Ever noticed that certain things on a Facebook page load faster than others? This is often the case with even the simplest of websites, but with a site the size of Facebook’s globe-spanning social network, the divide is in some ways more pronounced. Facebook, you see, serves information from two very different collections of data.
Most data is stored inside a good old fashioned database — the open source mainstay MySQL — but the social networking giant also uses a second system to house data that’s accessed with particular frequency. This system is known as Memcached, and it’s a common thing inside the massive data centers that underpin the world’s largest websites. Memcached stores data in the memory subsystems of the servers that drive Facebook, rather than slower hard disks. Facebook engineers call it “hot data.” Basically, this means that the data you’re more likely to visit is more likely to load at speed.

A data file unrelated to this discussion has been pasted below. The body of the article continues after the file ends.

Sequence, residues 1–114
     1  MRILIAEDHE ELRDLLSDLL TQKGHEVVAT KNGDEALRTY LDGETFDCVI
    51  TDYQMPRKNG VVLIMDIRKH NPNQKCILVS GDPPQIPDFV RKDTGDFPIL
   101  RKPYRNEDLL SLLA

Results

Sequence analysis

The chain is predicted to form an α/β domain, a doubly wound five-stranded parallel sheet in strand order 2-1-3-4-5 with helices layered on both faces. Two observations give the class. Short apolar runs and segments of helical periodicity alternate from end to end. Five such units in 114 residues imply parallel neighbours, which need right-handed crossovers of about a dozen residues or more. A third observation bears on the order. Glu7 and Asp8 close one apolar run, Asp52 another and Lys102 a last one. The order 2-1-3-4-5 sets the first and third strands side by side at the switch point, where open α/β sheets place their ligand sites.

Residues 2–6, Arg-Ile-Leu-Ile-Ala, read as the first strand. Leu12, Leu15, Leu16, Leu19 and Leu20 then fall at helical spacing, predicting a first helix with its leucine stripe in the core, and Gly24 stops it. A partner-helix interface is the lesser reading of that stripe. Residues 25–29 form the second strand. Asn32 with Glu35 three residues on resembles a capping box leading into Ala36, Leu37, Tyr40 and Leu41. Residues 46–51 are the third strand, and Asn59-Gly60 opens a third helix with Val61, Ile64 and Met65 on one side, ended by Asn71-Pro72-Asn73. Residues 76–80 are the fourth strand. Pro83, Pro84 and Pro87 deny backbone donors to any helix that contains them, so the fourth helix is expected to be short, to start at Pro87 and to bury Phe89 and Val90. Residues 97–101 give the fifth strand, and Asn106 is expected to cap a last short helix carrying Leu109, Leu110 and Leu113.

The rub is that juggling both MySQL and Memcached isn’t the easiest of tasks for the engineers that build and operate the Facebook machine. But in recent years, the company has built a new system that seeks to ease the use of these two data stores. It’s called TAO, short for “The Associations and Objects,” and it’s been used on the site for “several” years now.